The wealthiest town in Massachusetts, where an outbreak of type 1 diabetes among the children has parents up in arms, and a state investigation underway.
The county in West Virginia with the highest rate of type 2 diabetes in the country (where Hurley spent an evening with a family of 10 siblings, all of whom have the disease, and the local Wal-Mart proudly announces that it sells more Little Debbie snack cakes than any other Wal-Mart in the world).
Why the rate of type 1 diabetes has been rising just as fast and just as long as the rate of type 2, transforming a childhood disease that was once exceedingly rare into one that now affects most elementary school systems in the country.
How the “artificial pancreas,” long considered a holy grail that would take decades to develop, has now reached the final stages of testing—the book describes Hurley’s extraordinary experience participating in one of the world’s first clinical trials of the device, and profiles the colorful mavericks pushing the technology forward.
Why international diabetes experts believe that three simple, little-known approaches—avoiding cow’s milk in baby formulas, getting adequate amounts of vitamin D, and simply playing in the dirt—could prevent many cases of diabetes.
Innovative public-health strategies in New York City, Los Angeles and elsewhere that are seeking to attack diabetes today just as campaigns of a century ago defeated communicable diseases—with public-health laws regulating fast-food restaurants.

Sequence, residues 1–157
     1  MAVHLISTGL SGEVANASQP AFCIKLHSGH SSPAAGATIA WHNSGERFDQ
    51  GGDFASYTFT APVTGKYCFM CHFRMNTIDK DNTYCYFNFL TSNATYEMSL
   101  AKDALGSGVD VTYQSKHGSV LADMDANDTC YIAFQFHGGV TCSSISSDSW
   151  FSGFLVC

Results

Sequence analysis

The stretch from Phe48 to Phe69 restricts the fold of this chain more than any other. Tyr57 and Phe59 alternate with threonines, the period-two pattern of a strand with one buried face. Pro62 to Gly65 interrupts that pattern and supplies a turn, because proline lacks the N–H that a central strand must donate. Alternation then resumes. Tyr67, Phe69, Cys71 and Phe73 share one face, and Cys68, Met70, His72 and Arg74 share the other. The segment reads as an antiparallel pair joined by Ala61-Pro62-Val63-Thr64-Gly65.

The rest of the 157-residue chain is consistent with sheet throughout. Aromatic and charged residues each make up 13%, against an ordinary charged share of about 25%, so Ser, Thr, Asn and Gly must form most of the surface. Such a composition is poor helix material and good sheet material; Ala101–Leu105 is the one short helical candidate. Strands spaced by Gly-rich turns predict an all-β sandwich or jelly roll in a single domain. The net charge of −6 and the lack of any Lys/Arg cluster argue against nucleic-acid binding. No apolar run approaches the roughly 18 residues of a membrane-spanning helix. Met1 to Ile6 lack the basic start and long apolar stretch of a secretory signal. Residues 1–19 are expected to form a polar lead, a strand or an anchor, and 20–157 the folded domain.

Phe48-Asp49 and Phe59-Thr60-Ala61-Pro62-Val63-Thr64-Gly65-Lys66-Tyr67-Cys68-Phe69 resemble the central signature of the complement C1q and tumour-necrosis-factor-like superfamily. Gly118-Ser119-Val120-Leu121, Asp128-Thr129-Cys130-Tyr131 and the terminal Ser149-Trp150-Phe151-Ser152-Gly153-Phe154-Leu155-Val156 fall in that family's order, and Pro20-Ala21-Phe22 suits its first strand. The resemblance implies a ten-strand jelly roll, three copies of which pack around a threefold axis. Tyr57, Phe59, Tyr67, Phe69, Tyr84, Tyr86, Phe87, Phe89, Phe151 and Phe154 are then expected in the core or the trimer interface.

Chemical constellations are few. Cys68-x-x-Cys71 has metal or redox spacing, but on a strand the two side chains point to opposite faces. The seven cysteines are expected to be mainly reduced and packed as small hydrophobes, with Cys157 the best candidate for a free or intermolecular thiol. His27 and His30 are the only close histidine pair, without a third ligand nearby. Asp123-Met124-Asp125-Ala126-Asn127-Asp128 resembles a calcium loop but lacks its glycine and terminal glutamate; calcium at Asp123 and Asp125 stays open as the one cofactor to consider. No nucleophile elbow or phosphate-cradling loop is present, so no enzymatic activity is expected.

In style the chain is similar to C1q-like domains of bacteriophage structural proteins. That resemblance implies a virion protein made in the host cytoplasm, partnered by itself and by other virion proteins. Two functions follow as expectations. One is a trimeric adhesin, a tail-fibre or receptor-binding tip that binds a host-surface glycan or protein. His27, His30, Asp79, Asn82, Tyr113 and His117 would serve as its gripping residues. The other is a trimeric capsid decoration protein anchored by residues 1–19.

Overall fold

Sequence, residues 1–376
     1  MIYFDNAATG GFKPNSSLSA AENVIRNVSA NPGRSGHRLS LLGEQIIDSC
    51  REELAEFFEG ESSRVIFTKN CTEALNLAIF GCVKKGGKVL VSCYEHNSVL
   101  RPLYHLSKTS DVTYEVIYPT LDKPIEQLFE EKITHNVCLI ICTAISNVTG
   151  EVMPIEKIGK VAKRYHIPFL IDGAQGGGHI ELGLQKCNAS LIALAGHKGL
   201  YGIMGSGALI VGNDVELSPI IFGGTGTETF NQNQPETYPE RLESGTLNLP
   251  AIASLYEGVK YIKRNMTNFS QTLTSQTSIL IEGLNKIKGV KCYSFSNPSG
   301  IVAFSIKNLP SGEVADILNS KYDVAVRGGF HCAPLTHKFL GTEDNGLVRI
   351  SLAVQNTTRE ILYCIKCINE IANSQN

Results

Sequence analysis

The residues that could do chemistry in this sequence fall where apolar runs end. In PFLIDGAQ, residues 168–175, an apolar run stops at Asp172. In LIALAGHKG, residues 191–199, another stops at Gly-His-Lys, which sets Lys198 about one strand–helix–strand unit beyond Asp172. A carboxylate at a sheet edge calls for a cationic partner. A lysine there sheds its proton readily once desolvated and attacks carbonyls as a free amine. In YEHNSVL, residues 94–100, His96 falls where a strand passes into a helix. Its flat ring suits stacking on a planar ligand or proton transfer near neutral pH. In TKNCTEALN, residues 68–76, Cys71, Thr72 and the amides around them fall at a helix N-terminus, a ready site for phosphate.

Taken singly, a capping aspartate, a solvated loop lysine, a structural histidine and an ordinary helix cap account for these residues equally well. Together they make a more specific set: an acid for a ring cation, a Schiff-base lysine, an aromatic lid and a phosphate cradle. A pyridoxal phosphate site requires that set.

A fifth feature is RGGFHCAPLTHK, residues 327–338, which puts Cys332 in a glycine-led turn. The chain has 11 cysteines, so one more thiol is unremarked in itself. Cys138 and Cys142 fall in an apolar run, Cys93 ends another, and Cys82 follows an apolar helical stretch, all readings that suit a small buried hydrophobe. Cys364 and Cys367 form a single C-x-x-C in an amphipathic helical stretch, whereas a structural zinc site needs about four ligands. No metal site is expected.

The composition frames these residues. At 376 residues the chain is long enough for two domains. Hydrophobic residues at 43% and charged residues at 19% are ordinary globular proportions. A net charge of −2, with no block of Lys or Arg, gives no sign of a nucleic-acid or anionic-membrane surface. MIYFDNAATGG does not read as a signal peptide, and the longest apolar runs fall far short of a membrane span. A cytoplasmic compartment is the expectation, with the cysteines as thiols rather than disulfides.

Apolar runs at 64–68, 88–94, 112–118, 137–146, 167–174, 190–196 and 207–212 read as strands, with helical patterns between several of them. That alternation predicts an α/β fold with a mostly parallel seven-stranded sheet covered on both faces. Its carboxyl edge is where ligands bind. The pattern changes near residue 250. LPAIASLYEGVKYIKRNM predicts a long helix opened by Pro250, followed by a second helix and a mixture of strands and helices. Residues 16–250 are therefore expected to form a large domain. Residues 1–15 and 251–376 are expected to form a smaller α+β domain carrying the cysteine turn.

About Dan HurleySee more books from this Author
Science writer Hurley has type 1 diabetes, the autoimmune form of the disease formerly called “juvenile” diabetes.| Read Full Review of Diabetes Rising: How a Rare D...
After living with this disease and seeing so many people suffering from both the juvenile diabetes (Type 1) and adult onset diabetes (Type 2), you would like Hurley would examine ALL of the science and latest information on how to best control the symptoms of diabetes.Jun 04 2010 | Read Full Review of Diabetes Rising: How a Rare D...
An award-winning journalist for medical publications and the New York Times, Hurley has been matching wits with the killer for thirty years inside his own body-he developed type I diabetes in 1975, and his description of his last supper as a non-diabetic on Thanksgiving is harrowing.Jan 05 2010 | Read Full Review of Diabetes Rising: How a Rare D...
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